Hebrew College cancels sale of campus

Cost-cutting and refinancing give singular school a fresh start

Suzanne Kreiter/Globe staff/File 2008
Rabbi Daniel Lehmann is president of Hebrew College.

NEWTON - Eighteen months after the startling news that Hebrew College planned to sell its celebrated campus to retire $32.1 million in mortgage debt, its leaders say the school has regained its financial footing and will now stay put.

Rabbi Daniel L. Lehmann, the president of Hebrew College, said the school is in the final phase of renegotiating its loan in a complex deal that will reduce the institution’s debt to $7.4 million.

The school also has chopped its operating budget nearly in half over the past four years. But by focusing almost exclusively on administrative cuts, Lehmann said, its academic programs have survived almost intact.


The deal means Hebrew College can keep its building - a modern, light-drenched structure designed by renowned Israeli architect Moshe Safdie - and focus on improving its blend of youth, community, and graduate education offerings.

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“It means a new lease on life,’’ said Lehmann, who plans a formal announcement of the newfound stability at the school’s 90th anniversary gala Wednesday evening. “Here is an institution which is the only institution of its kind in New England.’’

Hebrew College is Boston’s largest and most comprehensive institution for community Jewish education and home to the area’s only rabbinical school. It was founded in Roxbury and moved to Brookline before settling in Newton Centre in 2001.

The school educates about 600 in its community programs, which allow adults to learn about Judaism. More than 500 students are enrolled in its after-school and weekend programs for middle- and high-schoolers, and about 250 graduate students study at the college, including about 50 in the rabbinical school.

Jonathan Sarna, a professor of American Jewish history at Brandeis University and an alumnus and donor, said a forced sale “would have been a symbol of failure for the Boston Jewish community, one which I was quite uncomfortable with.


“The fact that it will remain is, I think, a symbol that the community remains committed to high-level Jewish education, and to a sense that Jewish education can occur in this kind of impressive location and building that had been specially built for it,’’ he said.

But Lehmann said the college, like many other institutions, has learned a painful lesson about tempering ambition with budgetary realism.

“It has to be very, very careful and responsible and sustainable,’’ said Lehmann, who replaced the school’s previous leader, David Gordis, just months before the 2008 economic meltdown. “Part of our problem is we got ahead of ourselves. There is a natural desire for growth, but it has to be growth you can afford.’’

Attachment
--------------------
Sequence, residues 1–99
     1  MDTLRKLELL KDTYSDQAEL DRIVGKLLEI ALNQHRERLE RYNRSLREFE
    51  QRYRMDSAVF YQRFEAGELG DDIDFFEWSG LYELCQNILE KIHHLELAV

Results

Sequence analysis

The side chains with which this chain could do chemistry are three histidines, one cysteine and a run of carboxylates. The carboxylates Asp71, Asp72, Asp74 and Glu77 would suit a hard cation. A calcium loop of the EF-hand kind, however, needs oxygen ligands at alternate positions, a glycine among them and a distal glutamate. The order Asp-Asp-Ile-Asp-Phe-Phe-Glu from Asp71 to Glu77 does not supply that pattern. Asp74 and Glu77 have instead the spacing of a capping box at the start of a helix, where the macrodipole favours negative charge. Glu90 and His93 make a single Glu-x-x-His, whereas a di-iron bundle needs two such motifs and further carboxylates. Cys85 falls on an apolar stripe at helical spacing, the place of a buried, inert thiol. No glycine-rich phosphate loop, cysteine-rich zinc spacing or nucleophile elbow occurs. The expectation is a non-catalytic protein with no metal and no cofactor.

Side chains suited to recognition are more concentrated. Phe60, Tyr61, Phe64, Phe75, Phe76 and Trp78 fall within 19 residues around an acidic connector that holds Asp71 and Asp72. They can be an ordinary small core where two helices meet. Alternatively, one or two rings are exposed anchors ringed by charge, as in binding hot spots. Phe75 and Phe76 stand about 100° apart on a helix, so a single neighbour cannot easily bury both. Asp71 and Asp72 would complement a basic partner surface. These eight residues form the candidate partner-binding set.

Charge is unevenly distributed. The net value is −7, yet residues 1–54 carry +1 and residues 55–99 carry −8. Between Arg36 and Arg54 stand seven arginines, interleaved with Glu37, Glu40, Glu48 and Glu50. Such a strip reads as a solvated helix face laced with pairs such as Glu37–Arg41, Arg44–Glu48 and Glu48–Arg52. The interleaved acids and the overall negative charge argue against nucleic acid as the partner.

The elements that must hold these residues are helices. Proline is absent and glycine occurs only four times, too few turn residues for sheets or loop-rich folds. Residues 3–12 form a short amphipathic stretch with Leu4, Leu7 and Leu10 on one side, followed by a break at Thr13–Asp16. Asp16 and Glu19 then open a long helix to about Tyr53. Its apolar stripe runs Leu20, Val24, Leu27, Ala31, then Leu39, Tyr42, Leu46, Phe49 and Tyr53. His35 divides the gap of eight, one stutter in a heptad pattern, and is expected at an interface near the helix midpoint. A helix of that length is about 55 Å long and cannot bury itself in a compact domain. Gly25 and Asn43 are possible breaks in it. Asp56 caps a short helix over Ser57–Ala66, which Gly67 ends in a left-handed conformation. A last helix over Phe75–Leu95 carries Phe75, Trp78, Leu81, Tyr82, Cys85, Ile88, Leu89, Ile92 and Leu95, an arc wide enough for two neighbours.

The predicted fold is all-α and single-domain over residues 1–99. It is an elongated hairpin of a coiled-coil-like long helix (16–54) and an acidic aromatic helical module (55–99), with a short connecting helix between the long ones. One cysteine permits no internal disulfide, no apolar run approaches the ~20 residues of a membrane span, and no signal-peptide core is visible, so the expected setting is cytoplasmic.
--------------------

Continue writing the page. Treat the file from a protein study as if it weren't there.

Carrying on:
Lehmann said when the college went on the market early last year, the building drew only limited interest in a deflated real estate market. At the price the building was likely to fetch, he said, Hebrew College’s leaders felt they could try to jump in and refinance. The bond insurer agreed to work with the college on a plan.

The deal, which is likely to close within days, required some sacrifice all around, Lehmann said. The bond insurer lost some money; Hebrew College agreed to raise $3 million in equity; and Combined Jewish Philanthropies, a major supporter of Hebrew College and the guarantor of its original mortgage loan, must pay $5.2 million of the debt in the coming years.


But Barry Shrage, president of Combined Jewish Philanthropies, which continues to contribute $1.5 million to the college each year to support its educational mission, said Hebrew College has agreed to try to pay his organization back over time.

Shrage described the college’s current leadership as “terrifically on the ball.’’

The institution’s recovered financial stability, he said, will allow it to refocus its energies on programs like Prozdor, the widely respected supplemental school for Jewish teens, which recently received an injection of youthful new leadership, and Me’ah, an adult education program that Shrage described as “the best shot any community ever had at universal adult Jewish literacy.’’

“I believe this will put us back on target for significant new expansion in those areas,’’ Shrage said.

The college has recently created two new programs on parenting “through a Jewish lens’’ and another for young adults.

When facing the prospect of homelessness, Hebrew College had arranged to lease space from neighboring Andover Newton Theological School.

The Rev. Nick Carter, president of Andover Newton, said the change of plans was welcome news. The two institutions work closely on interfaith efforts, such as developing a new certificate program in interfaith leadership.

“In terms of things that are going to make Hebrew College strong and actually support our exploration into interreligious leadership education, it’s far more important that they have a permanent home,’’ he said.

David Micley is the third generation of his family to work at Hebrew College; his grandparents met there, and his mother trains teachers in the Prozdor program for teens, where Micley is now director of recruitment and admissions.

“I know for a lot of people who work here, it felt like a ghost hanging over everybody’s head,’’ he said of the onetime threat of having to move. “To have that not be a concern and to focus on programming . . . is definitely invigorating.’’

Lisa Wangsness can be reached at